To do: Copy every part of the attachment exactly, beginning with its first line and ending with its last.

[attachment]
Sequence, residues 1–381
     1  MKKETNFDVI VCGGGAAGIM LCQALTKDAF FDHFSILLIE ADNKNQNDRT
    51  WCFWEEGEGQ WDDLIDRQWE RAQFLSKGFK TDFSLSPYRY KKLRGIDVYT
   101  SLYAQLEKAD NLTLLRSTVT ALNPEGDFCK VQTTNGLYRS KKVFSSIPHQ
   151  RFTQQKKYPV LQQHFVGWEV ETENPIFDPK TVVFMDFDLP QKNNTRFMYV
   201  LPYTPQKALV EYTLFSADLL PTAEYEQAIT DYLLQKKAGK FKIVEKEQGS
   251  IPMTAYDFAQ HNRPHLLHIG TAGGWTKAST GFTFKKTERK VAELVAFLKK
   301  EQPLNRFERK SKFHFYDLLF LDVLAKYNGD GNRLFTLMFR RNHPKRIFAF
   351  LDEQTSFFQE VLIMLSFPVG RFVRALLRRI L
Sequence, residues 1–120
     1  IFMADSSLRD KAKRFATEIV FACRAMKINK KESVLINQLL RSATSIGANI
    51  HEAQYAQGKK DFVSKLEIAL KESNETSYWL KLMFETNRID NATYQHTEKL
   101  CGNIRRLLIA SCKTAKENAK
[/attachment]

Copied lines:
Sequence, residues 1–381
     1  MKKETNFDVI VCGGGAAGIM LCQALTKDAF FDHFSILLIE ADNKNQNDRT
    51  WCFWEEGEGQ WDDLIDRQWE RAQFLSKGFK TDFSLSPYRY KKLRGIDVYT
   101  SLYAQLEKAD NLTLLRSTVT ALNPEGDFCK VQTTNGLYRS KKVFSSIPHQ
   151  RFTQQKKYPV LQQHFVGWEV ETENPIFDPK TVVFMDFDLP QKNNTRFMYV
   201  LPYTPQKALV EYTLFSADLL PTAEYEQAIT DYLLQKKAGK FKIVEKEQGS
   251  IPMTAYDFAQ HNRPHLLHIG TAGGWTKAST GFTFKKTERK VAELVAFLKK
   301  EQPLNRFERK SKFHFYDLLF LDVLAKYNGD GNRLFTLMFR RNHPKRIFAF
   351  LDEQTSFFQE VLIMLSFPVG RFVRALLRRI L
Sequence, residues 1–120
     1  IFMADSSLRD KAKRFATEIV FACRAMKINK KESVLINQLL RSATSIGANI
    51  HEAQYAQGKK DFVSKLEIAL KESNETSYWL KLMFETNRID NATYQHTEKL
   101  CGNIRRLLIA SCKTAKENAK